If your family tree is online on Ancestry.com or MyHeritage, there’s no simple way to export a list of surnames from the website.
This article shows what a simple way to extract a list of surnames from your tree into a spreadsheet.
Then I’ll show you some neat stuff you can do with that list.
Strategy To Get A List Of Unique Surnames From Your Tree
These are the overall steps to take:
- Export your family tree to a GEDCOM file
- Import the GEDcom file into a free desktop family tree application
- Use the family tree software to export a list of all people in the tree
- Import the list into spreadsheet software
- Use the spreadsheet software to generate a unique list of surnames
Export Your Family Tree To A GEDCOM file
If you already have a GEDCOM file with your family tree, you can skip this step.
If your family tree is on Ancestry.com or MyHeritage, here are step-by-step walkthroughs:
Which Desktop Software To Use?
I expect that all the major family tree applications can export a list of people in a format that can be opened in a spreadsheet.
You want the details to be in separate columns when you import them into a spreadsheet.
I’ve done this successfully with two free applications: RootsMagic Essentials and Family Tree Builder.
I found Family Tree Builder to be easier for this specific task. You can download the free software from the MyHeritage website.
Use Family Tree Builder To Export A List Of People
You should now import the GEDCOM file into Family Tree Builder. The import option is under the File menu.
The next step is to export a list of people that lets you extract surnames.
Family Tree Builder has the option to export lists into files already formatted for Excel.
- Expand the Edit drop-down menu in the top bar
- Choose “Export to Excel” from the list.
- Click on “Export list of people”.
As long as you have Microsoft Excel on your computer, the formatted list will open in Excel.
Use Your Spreadsheet To Create A Unique List Of Surnames
You now have a spreadsheet with multiple columns.
It’s still a text file, so you should save it as a .xlsx file.
The next step is to copy the surname column to a new tab or spreadsheet. Now, we can manipulate this single-column list.
Remove blank rows
If you have entries with a first name and no last name, you will have blank rows in the column. At this point, I like to remove them.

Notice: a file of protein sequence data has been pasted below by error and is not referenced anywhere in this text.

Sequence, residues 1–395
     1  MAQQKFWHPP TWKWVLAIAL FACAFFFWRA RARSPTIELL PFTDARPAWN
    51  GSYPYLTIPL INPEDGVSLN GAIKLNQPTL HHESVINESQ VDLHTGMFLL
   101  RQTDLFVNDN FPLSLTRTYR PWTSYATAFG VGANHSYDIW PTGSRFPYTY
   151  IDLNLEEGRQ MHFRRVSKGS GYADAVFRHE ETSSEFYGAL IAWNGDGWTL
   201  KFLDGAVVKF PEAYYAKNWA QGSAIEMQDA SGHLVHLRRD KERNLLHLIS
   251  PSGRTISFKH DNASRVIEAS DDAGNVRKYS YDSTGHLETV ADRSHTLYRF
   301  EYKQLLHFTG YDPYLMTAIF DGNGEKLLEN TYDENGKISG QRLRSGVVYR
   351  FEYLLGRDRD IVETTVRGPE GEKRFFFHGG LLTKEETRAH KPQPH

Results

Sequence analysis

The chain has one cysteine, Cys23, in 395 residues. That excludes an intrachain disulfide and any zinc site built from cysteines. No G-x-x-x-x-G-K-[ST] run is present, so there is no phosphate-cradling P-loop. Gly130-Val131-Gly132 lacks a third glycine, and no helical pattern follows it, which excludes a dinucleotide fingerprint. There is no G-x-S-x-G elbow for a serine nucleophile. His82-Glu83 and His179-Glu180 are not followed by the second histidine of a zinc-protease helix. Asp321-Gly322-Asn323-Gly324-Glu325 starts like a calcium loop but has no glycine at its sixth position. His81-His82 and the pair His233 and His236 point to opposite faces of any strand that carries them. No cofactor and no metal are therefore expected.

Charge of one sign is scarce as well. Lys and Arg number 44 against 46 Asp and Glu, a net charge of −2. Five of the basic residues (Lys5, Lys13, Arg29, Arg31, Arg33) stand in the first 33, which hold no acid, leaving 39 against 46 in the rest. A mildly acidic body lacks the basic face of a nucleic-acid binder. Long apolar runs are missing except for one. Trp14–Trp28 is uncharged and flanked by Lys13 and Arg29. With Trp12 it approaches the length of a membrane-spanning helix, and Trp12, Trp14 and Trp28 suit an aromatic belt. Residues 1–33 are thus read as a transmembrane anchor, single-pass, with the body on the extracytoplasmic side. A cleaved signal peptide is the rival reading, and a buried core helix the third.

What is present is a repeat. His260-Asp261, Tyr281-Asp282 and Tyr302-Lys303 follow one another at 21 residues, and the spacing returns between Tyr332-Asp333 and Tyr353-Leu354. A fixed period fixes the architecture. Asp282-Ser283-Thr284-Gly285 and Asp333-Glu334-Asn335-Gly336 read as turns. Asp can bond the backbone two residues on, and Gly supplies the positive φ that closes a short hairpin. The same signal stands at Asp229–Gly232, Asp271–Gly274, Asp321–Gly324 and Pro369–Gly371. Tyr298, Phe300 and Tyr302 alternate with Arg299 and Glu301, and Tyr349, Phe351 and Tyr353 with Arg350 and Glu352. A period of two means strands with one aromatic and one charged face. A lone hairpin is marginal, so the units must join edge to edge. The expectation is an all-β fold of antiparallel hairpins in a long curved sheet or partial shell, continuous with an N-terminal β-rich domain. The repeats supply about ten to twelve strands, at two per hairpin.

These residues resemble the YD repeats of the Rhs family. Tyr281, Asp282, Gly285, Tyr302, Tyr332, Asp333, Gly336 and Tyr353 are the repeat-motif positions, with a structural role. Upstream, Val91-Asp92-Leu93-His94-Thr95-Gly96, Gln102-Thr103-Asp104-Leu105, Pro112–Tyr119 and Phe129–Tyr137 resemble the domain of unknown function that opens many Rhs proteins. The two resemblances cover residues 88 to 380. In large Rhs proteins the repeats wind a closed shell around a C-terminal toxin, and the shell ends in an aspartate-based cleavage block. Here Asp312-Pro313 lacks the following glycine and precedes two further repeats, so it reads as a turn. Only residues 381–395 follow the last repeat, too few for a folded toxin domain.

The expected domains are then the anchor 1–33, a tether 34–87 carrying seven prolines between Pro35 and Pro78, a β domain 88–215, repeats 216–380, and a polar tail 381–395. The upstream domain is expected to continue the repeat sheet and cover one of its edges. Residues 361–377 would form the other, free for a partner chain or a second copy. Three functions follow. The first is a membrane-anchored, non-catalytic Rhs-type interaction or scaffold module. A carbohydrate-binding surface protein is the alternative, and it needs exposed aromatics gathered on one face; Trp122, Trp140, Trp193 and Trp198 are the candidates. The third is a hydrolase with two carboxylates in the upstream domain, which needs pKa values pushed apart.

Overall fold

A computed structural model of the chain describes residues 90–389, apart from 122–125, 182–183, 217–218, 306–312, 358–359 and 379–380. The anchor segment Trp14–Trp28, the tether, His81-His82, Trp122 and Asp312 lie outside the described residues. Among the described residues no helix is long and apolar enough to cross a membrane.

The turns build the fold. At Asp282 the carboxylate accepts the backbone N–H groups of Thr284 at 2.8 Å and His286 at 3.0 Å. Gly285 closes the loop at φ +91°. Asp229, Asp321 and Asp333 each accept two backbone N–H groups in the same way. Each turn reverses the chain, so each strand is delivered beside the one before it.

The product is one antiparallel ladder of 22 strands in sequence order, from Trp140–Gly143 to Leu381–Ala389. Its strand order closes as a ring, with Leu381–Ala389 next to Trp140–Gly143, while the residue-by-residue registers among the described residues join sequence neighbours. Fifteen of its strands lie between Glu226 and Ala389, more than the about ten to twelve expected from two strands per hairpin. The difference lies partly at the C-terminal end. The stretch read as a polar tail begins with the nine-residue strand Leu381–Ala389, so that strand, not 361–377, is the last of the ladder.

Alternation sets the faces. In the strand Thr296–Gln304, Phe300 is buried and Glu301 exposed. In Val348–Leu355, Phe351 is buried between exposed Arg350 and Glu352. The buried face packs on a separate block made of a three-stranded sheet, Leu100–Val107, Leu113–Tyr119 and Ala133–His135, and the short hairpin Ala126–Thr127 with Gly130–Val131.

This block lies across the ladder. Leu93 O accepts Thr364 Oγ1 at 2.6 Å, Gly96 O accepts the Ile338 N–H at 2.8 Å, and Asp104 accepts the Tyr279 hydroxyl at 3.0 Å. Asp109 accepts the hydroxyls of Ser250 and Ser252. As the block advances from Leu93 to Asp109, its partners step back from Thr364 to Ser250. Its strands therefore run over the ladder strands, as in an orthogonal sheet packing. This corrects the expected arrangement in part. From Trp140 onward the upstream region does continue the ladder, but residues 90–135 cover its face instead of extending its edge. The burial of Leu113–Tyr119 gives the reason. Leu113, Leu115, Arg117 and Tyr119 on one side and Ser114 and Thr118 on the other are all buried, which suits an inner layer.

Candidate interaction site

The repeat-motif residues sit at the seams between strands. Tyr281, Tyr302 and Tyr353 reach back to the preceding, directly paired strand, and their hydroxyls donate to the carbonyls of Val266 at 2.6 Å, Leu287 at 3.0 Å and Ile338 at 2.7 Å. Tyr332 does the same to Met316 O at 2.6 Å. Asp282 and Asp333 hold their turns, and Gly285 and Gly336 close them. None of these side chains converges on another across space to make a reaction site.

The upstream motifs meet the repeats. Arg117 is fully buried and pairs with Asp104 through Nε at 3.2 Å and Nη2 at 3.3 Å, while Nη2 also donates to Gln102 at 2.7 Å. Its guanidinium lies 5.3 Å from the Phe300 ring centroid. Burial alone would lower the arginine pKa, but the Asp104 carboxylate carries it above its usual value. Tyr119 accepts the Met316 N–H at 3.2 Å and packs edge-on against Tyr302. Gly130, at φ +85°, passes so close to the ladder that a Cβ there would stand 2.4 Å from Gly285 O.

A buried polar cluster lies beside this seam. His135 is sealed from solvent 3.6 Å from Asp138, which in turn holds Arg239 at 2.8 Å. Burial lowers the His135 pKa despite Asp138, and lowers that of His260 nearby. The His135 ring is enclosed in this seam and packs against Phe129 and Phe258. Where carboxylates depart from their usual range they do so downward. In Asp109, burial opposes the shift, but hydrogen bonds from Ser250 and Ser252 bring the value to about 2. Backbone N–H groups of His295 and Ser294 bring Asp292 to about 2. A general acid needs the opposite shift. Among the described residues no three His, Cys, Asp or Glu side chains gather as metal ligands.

Here are the simple steps to remove blank lines in Excel.
This step gives you a list of unique surnames.
Follow these steps to eliminate duplicate rows in Excel.
Create a fixed header
Family Tree Builder has given you a first row with “Last name” in the field. Let’s turn this into a proper header.
Bold the text, and freeze the top row.
Order the list
Now, we can order the unique names alphabetically.
Check How The Surnames Rank In Popularity
Our website has a simple online tool that tells you how a surname ranks in the 2000 and 2010 U.S. census.
There are quick instructions and examples in our article on “how rare is my last name?“
It’s not a complicated tool, so you might just want to jump straight into it. Here’s the link to the surname ranking tool.
Rareness And Geographic Maps
I mentioned that we can do some neat stuff with this list.
One of the things I like to do is identify how rare some of these surnames are in the United States or Ireland. These tend to be easier to research.
I also like to see how some of the surnames are distributed across the United States and the rest of the world.
I find one website that is useful for both these details. You can read more about Forebears.io in our article on rare and uncommon last names.
The Forebears.io website has a simple search feature where you enter a surname.
To get to the right search box, expand the “Names” menu on the home page and choose “Surnames”.
You can copy and paste a surname from your unique list into the search box.
But spreadsheet functions give you a nice shortcut to work through the list.
I’m going to create hyperlinks that jump straight to the Forebears results page for each surname.
Forebears actually have two results pages. The first gives you a list of alternate spellings for the specific name.
You can choose any of these alternatives to see the detailed results with rarity calculations and the distribution heat map.
Let’s give ourselves the option of opening either.
Add two new header fields: “Alternate Surnames” and Direct Link.
It will look like this:
Copy this string in the field below “Alternate Surnames” (include the = and the final bracket).
- =Hyperlink(“https://forebears.io/surnames?q=” & A2)
This is a function that turns the cell into a hyperlink that launches the surname search on the Forebears.io website.
But you only have the function in one row. So copy the field, and paste it down the entire column.
You should see a different name in each row.
The direct link is to run the search on the specific name in your family tree (not look for alternate surnames.
Copy this string in the field below “Direct Link” (include the = and the final bracket).
- =Hyperlink(“https://forebears.io/surnames/” & A2)
Once again, you should then copy the field and paste it down the entire third column.
Try the links
The cells are now hyperlinks that jump you straight to the results.
This will save you a bit of time in your research.